Francis lists the reasons in his book The Great American Health Hoax.

Teachers And Technology At Ed Tech Summit

Apr 15, 2015
Almonroth/Wikimedia Commons

In theory, the process of learning is usually the same: teachers teach, and students learn. 

But then throw technology into the mix, and all bets are off, especially in a world where so many people carry powerful computers in their hands. 

The Ed Tech Summit this week (Friday, April 17th) at Southern Oregon University brings educators and gadgets together, so the former can get up to speed on the latter. 

April 15th is here, and with it our annual deadline for filing income tax returns.  How would you like your federal or state income taxes spent?  That's one topic of VENTSday this week. 

The other: "sit-lie" ordinances, that make it illegal for homeless (or any other) people to block sidewalks by sitting or lying down. 

Our weekly VENTSday segment puts the listeners front and center. We throw a pair of topics on the table, and let callers and emailers vent--politely--on those topics.

After The Summer Of Love: "Days Of Rage"

Apr 15, 2015
Penguin Books

It only takes the finding of a "suspicious device" to clear a public building these days, at least until a police bomb squad can take a look at it. 

Bomb squads were far busier in the late 1960s and early 70s, the time that provides the title for Bryan Burrough's book, Days of Rage.  And they responded to more than threats: many actual real bombings, nearly one a week at the peak.

Burrough takes a new look at those days, with fresh interviews with members of the radical groups that wanted to change America--violently. 

Springing Into Gardening With The Masters

Apr 14, 2015

An early spring around much of the region might have caught some gardeners unprepared. 

Flowers bloomed weeks earlier than usual, before the weather snapped back to something like seasonal norms. 

These are the situations in which Master Gardeners get to use the benefits of their training. 

The Jackson County Master Gardeners are just about to graduate this year's class. 

Assessing Housing Needs In Oregon

Apr 14, 2015

It is one of the simplest wishes for any human: a roof over our heads, a place to call home. 

Simple wish, not always simply fulfilled. 

April is Fair Housing Month across the country, and Oregon Housing and Community Services is taking input on housing needs around the state. 

This is part of a five-year look at housing issues. 

NIH/Public Domain

It's been pointed out by many critics of the American health care system that it is largely about "disaster care"... treating illness when it becomes acute.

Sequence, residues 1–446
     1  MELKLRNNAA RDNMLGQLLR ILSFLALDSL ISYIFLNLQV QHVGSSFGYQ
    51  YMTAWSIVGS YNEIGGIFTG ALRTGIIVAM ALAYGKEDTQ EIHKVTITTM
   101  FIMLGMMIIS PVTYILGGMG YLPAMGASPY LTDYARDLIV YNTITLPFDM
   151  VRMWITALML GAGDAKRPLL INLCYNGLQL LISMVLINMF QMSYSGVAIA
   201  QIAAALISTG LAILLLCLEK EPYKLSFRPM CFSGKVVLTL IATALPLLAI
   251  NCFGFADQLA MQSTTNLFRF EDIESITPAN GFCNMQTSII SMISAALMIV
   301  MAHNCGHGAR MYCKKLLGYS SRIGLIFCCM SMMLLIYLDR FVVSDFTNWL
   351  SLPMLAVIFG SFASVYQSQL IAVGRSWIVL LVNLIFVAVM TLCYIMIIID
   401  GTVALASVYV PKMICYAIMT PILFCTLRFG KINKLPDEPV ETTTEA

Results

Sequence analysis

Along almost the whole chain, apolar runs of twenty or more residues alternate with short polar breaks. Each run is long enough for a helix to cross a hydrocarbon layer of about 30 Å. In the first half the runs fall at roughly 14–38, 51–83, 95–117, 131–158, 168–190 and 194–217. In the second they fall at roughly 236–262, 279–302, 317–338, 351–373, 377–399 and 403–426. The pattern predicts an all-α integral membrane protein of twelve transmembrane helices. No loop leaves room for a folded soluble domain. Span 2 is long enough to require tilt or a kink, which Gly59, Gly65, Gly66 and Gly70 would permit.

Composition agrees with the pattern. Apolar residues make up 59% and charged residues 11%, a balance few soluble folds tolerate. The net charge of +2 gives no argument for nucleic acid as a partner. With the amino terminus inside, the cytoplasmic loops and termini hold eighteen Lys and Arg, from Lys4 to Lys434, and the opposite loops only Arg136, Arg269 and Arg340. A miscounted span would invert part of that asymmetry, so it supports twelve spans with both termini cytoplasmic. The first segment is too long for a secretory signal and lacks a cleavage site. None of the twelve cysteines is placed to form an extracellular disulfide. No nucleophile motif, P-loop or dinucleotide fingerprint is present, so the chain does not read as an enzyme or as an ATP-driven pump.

The other approach would be to take care of issues earlier, performing preventive maintenance. 

Ashland's Rick Kirschner trained as a Naturopathic Doctor (ND rather than MD), and he's examined the history of American medicine. 

He says what is practiced now is "sick care," not health care. 

U.S. Fish and Wildlife

"Threatened" status may not be enough for the Northern Spotted Owl. 

The old-growth forest dweller continues to decline in number, and that could lead to its reclassification as "endangered." 

EPIC, the Environmental Protection Information Center based in Arcata, petitioned to reclassify the owl nearly three years ago. 

Now the federal Fish and Wildlife Service is beginning a review to see if the move is warranted. 

Still Riding Championship Wave

Apr 13, 2015

The glow of a national championship in college football is lasting a while for the Southern Oregon University Raiders. 

They won the NAIA small-college trophy in December, but their championship rings just arrived. 

And the Oregon legislature is considering a resolution to honor the team. 

The football success appears to be having an effect in other areas of SOU campus life, too. 

Inside The Embattled Forest Service

Apr 13, 2015
OSU Press

Did anybody LIKE the U.S. Forest Service around 1990? 

It was constantly in the middle of battles over proper forest management, the timber industry demanding more logs on one hand and conservationists urging more protection on the other. 

Jim Furnish was more than halfway through a long career with the Forest Service then. 

In Toward a Natural Forest, he details the pressures and pleasures of life within one of the most visible and controversial government agencies. 

Getting Even Fire Wiser In Ashland

Apr 10, 2015

Ashland, built on forested hills, has always been especially vulnerable to wildfire.

11 homes were lost in the Oak Knoll fire of five years ago, and firefighters are determined to minimize the risk of a future such fire.

So several sections of town have been designated "Firewise" communities.

More than in any other city in the country, we're told.